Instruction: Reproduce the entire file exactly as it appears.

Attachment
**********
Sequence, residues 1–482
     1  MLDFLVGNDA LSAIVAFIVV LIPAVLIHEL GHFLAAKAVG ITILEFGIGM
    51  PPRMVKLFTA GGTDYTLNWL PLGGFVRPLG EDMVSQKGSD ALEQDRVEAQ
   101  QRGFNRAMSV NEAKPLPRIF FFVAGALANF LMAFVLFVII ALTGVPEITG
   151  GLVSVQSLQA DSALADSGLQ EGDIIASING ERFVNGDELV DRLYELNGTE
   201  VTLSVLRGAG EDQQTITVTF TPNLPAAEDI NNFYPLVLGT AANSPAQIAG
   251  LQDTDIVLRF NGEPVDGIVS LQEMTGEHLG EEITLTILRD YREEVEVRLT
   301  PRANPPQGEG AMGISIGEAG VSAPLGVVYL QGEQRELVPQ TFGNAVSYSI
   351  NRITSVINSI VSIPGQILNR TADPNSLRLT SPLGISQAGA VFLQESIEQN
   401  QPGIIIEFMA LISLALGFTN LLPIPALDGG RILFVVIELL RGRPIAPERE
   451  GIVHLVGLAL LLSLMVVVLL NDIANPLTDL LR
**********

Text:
Sequence, residues 1–482
     1  MLDFLVGNDA LSAIVAFIVV LIPAVLIHEL GHFLAAKAVG ITILEFGIGM
    51  PPRMVKLFTA GGTDYTLNWL PLGGFVRPLG EDMVSQKGSD ALEQDRVEAQ
   101  QRGFNRAMSV NEAKPLPRIF FFVAGALANF LMAFVLFVII ALTGVPEITG
   151  GLVSVQSLQA DSALADSGLQ EGDIIASING ERFVNGDELV DRLYELNGTE
   201  VTLSVLRGAG EDQQTITVTF TPNLPAAEDI NNFYPLVLGT AANSPAQIAG
   251  LQDTDIVLRF NGEPVDGIVS LQEMTGEHLG EEITLTILRD YREEVEVRLT
   301  PRANPPQGEG AMGISIGEAG VSAPLGVVYL QGEQRELVPQ TFGNAVSYSI
   351  NRITSVINSI VSIPGQILNR TADPNSLRLT SPLGISQAGA VFLQESIEQN
   401  QPGIIIEFMA LISLALGFTN LLPIPALDGG RILFVVIELL RGRPIAPERE
   451  GIVHLVGLAL LLSLMVVVLL NDIANPLTDL LR